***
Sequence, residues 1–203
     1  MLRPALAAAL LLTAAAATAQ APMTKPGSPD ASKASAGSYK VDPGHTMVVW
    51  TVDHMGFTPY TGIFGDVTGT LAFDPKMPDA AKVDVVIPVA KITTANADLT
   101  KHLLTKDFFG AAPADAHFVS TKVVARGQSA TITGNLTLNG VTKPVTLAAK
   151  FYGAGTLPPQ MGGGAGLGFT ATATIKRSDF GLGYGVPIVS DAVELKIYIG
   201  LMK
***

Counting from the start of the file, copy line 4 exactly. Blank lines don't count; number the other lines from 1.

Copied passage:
   101  KHLLTKDFFG AAPADAHFVS TKVVARGQSA TITGNLTLNG VTKPVTLAAK